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What's This About Monkeys Anyway?


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#1 Perry Werner

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Posted 24 November 2004 - 07:11 PM

Howdy:
Yesterday I stopped for lunch at my local pizza place here in New Jersey.
The proprietor spotted my belt buckle which is in the shape of a saxophone(my former instrument, maybe I'll play again soon) and asked me if i played.
I told him yes, but not the saxophone.
I explained that I played that in a former life and that I was now attempting to play the concertina.
He made all sorts of gestures with his hands (and face) to get me confirm that he knew what a concertina was.
Surprisingly, I think he had some sort of an idea of what the instrument was.
Then he told me that he was looking for an "act" to perform in front of his pizza place next week on the night of the big town Christmas welcome celebration.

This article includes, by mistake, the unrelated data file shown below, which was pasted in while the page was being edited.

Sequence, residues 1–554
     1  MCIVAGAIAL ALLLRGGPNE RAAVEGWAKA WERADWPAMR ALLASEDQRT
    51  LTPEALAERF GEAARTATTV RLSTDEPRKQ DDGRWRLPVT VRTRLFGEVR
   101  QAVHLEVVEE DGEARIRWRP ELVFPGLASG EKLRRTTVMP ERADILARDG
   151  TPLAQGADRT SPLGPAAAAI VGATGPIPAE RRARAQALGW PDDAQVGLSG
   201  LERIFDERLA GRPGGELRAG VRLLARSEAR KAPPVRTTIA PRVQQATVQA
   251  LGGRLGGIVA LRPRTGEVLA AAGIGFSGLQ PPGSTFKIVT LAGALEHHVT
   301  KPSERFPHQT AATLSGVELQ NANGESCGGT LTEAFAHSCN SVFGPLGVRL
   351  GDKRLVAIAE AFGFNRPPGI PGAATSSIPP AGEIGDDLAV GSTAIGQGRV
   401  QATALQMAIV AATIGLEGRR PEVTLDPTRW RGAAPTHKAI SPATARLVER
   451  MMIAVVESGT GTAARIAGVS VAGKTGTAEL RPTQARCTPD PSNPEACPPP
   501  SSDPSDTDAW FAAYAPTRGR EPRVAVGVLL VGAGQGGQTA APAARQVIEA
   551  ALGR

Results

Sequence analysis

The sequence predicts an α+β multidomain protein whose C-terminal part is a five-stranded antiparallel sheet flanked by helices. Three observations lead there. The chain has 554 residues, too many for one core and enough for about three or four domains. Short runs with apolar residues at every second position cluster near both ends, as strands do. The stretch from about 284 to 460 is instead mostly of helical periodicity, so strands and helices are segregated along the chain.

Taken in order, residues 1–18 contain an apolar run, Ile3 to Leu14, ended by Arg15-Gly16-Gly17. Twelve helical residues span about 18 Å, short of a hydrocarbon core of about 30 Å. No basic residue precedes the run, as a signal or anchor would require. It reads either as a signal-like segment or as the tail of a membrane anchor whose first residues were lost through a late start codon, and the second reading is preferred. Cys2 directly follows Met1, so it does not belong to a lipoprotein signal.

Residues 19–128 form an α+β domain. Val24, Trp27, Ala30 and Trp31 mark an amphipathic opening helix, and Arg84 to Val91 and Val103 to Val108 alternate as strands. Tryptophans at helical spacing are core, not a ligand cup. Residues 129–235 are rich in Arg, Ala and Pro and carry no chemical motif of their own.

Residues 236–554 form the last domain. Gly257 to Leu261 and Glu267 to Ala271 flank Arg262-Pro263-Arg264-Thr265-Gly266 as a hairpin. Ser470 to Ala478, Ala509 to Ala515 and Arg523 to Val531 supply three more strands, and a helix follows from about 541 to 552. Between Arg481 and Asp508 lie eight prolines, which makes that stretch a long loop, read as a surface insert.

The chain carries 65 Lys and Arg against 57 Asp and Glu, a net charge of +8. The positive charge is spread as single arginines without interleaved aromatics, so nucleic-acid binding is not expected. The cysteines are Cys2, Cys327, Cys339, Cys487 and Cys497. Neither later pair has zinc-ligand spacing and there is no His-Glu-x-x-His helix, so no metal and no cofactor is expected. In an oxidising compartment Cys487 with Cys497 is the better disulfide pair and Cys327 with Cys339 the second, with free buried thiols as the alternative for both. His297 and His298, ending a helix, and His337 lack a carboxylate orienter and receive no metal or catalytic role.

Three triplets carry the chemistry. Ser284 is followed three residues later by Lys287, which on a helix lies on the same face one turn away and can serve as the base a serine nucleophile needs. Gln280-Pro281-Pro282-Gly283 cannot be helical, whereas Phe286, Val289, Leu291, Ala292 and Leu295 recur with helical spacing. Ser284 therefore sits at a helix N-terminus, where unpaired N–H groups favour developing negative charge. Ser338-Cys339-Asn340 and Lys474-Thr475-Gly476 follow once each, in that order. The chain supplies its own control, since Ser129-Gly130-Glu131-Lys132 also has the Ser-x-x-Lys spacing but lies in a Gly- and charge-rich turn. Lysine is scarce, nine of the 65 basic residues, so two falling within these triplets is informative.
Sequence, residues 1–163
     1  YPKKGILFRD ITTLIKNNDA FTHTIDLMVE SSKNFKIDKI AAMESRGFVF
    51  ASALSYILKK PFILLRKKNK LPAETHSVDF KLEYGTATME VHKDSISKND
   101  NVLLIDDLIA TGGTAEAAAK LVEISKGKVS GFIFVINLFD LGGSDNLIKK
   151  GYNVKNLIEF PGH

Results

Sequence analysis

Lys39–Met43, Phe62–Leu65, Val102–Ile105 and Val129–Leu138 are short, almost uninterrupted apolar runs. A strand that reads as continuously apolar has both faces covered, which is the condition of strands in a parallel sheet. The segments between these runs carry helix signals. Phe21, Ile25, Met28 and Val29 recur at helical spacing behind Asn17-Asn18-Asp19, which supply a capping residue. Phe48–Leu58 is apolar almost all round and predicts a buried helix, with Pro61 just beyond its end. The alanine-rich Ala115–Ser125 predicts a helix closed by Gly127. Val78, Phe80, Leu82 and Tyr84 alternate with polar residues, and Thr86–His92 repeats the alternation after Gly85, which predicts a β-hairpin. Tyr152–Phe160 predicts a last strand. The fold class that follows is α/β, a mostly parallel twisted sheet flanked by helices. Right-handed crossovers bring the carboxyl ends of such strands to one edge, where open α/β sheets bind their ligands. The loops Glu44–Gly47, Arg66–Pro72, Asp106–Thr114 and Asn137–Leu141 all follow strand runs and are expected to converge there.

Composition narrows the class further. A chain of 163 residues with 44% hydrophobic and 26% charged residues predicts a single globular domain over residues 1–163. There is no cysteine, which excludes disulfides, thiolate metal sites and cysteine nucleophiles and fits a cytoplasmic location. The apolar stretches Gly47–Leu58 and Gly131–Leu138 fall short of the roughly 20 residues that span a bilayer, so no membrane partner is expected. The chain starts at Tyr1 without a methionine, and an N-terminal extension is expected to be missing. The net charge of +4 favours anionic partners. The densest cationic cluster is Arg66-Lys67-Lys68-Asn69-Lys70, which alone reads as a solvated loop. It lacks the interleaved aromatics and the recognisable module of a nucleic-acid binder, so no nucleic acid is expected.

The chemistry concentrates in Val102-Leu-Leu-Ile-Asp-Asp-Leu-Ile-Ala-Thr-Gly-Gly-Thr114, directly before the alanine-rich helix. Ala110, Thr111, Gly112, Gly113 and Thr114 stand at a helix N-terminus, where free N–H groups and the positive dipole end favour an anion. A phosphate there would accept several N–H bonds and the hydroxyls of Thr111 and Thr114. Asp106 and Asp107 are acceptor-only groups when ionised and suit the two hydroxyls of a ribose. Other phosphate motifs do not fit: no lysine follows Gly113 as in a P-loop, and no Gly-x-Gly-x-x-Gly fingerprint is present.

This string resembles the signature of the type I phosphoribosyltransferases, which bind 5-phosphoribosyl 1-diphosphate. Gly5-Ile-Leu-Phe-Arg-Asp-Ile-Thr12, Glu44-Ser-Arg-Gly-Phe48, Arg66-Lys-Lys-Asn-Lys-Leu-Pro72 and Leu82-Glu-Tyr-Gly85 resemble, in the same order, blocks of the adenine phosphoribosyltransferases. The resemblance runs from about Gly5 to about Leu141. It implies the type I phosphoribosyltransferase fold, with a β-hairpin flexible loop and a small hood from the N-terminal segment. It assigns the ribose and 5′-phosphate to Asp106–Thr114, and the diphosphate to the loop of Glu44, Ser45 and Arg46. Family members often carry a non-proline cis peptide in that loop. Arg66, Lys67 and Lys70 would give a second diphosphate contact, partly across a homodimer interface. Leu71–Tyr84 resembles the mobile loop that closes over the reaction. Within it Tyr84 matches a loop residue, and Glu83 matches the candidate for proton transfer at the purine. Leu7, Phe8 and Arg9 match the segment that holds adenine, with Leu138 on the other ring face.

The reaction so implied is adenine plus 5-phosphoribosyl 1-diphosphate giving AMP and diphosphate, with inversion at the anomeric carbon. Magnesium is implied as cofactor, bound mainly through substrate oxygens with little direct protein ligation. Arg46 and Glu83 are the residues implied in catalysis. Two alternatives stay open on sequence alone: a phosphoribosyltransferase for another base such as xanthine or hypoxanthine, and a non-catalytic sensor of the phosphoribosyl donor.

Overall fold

He said he'd pay me to play.
Wow, my first offer to make money playing the concertina (or saxophone for that matter).
What an idea.
I stopped and thought about it and while contemplating my standing on the brink of fame, he said something like "Yeah, you can maybe play that thing and maybe bring a monkey with you to dance while you play", then he used his hands to indicate that maybe he all of a sudden thought that a concertina was a different instrument, as he played air hurdy gurdy.

i have been approached by other folks (mostly my neighbors) who have mentioned monkeys when I tell them that i play the concertina and all thought it would be a great idea if I had one sit on my shoulder or dance while I played.
Maybe they were actually thinking that a monkey would play better than me and i could dance and hold out a tin cup!

Anyway, the question is, why do many folks think of monkeys as going hand in hand with concertinas?
Hurdy Gurdys, yes, but I don't think I've seen too many images of monkeys with concertina players.
Can anyone shed any light on the concertina/monkey connection??